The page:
(Created page with " == Abstract == Many scientific applications deal with data from a multitude of different sources, e.g., measurements, imaging and simulations. Each source provides an additi...")
Many scientific applications deal with data from a multitude of different sources, e.g., measurements, imaging and simulations. Each source provides an additional perspective on the phenomenon of interest, but also comes with specific limitations, e.g. regarding accuracy, spatial and temporal availability. Effectively combining and analyzing such multimodal and partially incomplete data of limited accuracy in an integrated way is challenging. In this work, we outline an approach for an integrated analysis and visualization of the atmospheric impact of volcano eruptions. The data sets comprise observation and imaging data from satellites as well as results from numerical particle simulations. To analyze the clouds from the volcano eruption in the spatiotemporal domain we apply topological methods. We show that topology-related extremal structures of the data support clustering and comparison. We further discuss the robustness of those methods with respect to different properties of the data and different parameter setups. Finally we outline open challenges for the effective integrated visualization using topological methods.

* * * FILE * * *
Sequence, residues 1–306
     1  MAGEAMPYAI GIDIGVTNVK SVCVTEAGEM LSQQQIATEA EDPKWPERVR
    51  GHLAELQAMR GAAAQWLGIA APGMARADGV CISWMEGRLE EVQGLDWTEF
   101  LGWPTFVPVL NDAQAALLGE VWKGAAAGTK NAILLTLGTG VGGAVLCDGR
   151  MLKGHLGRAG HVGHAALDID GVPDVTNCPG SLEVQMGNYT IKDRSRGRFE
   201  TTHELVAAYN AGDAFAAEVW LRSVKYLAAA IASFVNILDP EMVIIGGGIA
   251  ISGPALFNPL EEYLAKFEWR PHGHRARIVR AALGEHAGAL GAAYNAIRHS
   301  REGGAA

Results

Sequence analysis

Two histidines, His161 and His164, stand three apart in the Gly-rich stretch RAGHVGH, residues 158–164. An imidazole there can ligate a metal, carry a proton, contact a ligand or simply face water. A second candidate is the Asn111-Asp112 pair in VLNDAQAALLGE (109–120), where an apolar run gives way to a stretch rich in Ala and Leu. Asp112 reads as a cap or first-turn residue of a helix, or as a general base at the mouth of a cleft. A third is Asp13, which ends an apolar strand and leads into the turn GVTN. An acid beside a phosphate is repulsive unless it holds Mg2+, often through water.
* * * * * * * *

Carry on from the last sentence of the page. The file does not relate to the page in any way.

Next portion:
Document type: Part of book or chapter of book
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